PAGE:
The Microsoft-supplied Metro apps are in for big changes -- due to appear before Win8.1 ships -- with Bing now powering many of the offerings, including Food & Drink, Health & Fitness, and Help & Tips. The final version of Xbox Music, we're assured, will actually play music, instead of just trying to sell it. Video is supposed to be de-fanged as well.
I encountered many stability problems with Windows 8.1. Clicking or tapping on options in Microsoft's own Metro apps frequently dumped me back on the Metro Start screen. Trying to move around Metro snapped panes led to freezes and bizarre displays. I couldn't get live tiles to update. Icing on the cake, the 64-bit version is so slow on a Windows 8 Hyper-V VM that I frequently found myself twiddling my thumbs. It's definitely a beta.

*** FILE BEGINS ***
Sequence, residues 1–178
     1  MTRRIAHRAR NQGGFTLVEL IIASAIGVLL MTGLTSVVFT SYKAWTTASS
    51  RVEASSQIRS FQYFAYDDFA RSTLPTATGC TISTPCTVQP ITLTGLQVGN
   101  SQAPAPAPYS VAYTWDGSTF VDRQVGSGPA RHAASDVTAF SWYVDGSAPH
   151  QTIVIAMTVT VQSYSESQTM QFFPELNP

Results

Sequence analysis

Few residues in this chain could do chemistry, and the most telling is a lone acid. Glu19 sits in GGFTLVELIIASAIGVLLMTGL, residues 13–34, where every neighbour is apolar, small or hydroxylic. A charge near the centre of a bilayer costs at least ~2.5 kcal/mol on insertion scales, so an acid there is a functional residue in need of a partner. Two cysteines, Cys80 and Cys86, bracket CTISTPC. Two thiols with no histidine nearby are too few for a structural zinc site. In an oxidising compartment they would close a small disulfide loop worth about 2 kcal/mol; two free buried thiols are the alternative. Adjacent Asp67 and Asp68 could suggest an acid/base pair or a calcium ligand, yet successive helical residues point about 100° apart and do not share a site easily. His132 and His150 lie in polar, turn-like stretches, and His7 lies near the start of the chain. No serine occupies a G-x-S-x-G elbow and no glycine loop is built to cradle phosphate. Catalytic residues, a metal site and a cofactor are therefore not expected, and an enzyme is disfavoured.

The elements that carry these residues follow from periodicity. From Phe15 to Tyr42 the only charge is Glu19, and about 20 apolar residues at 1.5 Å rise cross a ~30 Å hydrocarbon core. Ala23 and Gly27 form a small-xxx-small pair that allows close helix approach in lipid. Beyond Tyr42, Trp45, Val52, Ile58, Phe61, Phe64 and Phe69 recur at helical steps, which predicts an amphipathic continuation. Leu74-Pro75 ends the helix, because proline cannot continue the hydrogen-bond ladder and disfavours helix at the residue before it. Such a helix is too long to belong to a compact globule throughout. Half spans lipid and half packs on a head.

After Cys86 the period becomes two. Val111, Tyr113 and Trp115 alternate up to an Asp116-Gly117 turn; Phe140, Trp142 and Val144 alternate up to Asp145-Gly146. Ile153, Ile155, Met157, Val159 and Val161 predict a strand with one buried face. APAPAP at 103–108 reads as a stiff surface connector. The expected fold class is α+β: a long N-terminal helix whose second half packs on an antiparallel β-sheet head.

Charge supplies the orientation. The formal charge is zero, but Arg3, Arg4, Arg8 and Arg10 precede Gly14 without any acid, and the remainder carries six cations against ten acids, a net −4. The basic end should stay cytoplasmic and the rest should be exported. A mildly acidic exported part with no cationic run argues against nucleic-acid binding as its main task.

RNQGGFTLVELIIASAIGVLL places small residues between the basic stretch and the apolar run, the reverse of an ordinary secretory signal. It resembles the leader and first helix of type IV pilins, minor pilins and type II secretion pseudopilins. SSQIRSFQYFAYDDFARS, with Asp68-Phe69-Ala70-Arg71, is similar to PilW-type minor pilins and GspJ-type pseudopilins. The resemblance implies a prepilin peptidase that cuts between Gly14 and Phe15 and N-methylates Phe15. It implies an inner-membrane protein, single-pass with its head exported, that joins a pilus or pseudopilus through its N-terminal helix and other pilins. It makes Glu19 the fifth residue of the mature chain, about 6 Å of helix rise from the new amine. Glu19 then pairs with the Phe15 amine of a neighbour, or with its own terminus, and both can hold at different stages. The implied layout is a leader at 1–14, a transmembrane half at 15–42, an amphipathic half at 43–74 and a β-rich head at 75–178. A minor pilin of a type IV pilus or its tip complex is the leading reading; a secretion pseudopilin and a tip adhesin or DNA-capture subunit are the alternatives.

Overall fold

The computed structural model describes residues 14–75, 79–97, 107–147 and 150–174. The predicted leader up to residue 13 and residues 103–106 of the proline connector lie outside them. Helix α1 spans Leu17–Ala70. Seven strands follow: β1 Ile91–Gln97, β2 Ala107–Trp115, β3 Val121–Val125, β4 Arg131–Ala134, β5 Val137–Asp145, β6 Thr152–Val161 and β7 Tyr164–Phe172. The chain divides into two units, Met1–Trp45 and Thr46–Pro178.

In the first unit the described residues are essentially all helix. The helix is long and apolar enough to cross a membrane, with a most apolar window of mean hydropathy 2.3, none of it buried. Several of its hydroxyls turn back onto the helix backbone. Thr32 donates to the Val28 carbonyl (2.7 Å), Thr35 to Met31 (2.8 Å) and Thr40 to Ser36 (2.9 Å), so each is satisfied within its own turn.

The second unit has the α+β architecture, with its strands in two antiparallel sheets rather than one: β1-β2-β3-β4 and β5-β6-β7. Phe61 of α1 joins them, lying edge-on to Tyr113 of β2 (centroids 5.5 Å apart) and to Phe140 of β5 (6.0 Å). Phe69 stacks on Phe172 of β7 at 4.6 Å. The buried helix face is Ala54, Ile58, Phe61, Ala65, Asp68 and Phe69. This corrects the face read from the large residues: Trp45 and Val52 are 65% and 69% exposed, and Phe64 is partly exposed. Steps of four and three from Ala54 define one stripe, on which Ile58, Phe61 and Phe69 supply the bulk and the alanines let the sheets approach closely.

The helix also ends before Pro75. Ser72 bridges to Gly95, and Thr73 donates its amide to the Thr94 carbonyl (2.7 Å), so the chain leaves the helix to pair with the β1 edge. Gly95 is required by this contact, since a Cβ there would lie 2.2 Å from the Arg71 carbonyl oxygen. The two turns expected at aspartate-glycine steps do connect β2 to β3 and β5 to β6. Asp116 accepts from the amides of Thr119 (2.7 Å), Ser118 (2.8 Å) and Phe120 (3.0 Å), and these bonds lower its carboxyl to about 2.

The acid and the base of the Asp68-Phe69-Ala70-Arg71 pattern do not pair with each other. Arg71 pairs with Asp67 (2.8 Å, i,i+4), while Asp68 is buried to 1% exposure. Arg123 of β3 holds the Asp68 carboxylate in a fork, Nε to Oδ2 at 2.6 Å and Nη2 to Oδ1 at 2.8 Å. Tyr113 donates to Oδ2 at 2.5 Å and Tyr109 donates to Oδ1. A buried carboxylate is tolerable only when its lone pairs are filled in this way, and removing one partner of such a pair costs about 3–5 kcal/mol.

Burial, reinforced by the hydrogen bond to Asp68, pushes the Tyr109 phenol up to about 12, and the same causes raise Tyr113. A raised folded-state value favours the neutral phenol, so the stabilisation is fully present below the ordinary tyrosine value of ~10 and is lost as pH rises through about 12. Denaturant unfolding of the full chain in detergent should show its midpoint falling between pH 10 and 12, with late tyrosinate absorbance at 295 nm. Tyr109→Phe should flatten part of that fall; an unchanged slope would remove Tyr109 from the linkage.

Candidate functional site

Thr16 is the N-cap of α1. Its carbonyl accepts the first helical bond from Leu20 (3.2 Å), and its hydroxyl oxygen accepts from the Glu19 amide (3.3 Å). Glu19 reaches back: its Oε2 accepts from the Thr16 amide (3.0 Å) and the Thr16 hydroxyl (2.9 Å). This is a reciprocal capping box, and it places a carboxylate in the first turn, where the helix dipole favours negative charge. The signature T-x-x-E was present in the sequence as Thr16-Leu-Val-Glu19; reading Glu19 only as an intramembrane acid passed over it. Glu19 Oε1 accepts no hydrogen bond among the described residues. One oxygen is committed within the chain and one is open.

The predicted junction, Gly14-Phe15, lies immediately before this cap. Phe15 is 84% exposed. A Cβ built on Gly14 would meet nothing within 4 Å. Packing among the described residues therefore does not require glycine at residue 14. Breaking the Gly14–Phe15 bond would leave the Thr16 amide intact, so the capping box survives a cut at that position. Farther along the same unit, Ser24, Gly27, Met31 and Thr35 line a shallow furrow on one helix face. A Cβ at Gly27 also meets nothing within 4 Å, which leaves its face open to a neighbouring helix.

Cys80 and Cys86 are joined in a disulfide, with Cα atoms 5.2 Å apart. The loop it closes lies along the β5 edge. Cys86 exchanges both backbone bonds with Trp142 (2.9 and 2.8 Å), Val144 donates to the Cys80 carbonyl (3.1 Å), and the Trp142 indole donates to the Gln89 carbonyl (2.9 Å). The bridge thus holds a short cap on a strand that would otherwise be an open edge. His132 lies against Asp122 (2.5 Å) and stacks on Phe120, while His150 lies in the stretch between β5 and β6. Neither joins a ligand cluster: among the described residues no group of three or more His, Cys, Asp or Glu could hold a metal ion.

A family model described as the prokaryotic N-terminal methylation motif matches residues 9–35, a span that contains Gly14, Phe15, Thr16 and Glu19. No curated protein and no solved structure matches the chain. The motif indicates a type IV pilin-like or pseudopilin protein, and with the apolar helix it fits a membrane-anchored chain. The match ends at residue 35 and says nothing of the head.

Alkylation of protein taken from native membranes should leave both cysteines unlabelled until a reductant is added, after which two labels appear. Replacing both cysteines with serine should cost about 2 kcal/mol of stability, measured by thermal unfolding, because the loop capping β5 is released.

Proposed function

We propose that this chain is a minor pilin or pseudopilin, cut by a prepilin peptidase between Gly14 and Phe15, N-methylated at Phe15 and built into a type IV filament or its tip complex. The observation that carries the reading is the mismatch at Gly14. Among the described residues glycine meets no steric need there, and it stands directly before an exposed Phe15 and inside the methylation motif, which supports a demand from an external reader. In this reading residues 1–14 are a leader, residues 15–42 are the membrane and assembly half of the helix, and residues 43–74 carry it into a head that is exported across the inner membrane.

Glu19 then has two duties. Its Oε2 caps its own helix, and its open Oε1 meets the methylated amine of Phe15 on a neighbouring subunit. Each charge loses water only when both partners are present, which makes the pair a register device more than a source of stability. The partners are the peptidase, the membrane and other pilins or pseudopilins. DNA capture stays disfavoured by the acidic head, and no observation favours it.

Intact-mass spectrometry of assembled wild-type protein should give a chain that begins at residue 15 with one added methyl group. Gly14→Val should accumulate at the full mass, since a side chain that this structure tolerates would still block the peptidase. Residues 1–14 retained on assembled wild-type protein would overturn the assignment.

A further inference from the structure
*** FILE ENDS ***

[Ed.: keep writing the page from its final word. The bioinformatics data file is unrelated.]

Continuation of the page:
If anybody at Microsoft really believes that Windows 8.1 will turn the tide of public sentiment against Windows 8, they're sorely mistaken. If Microsoft had the willingness or wherewithal to implement something akin to the Windows Red proposal, both consumers and business users would have more cause to be excited about the next version of Windows. As it stands, Windows 8.1 will rightfully be viewed as another missed opportunity.
That said, if you have Windows 8, by either an error of omission or commission, you should definitely install Windows 8.1 when it's available. Win 8.1 embodies serious benefits on the Metro side, tiny improvements to the Desktop side, and no noticeable downsides to either.
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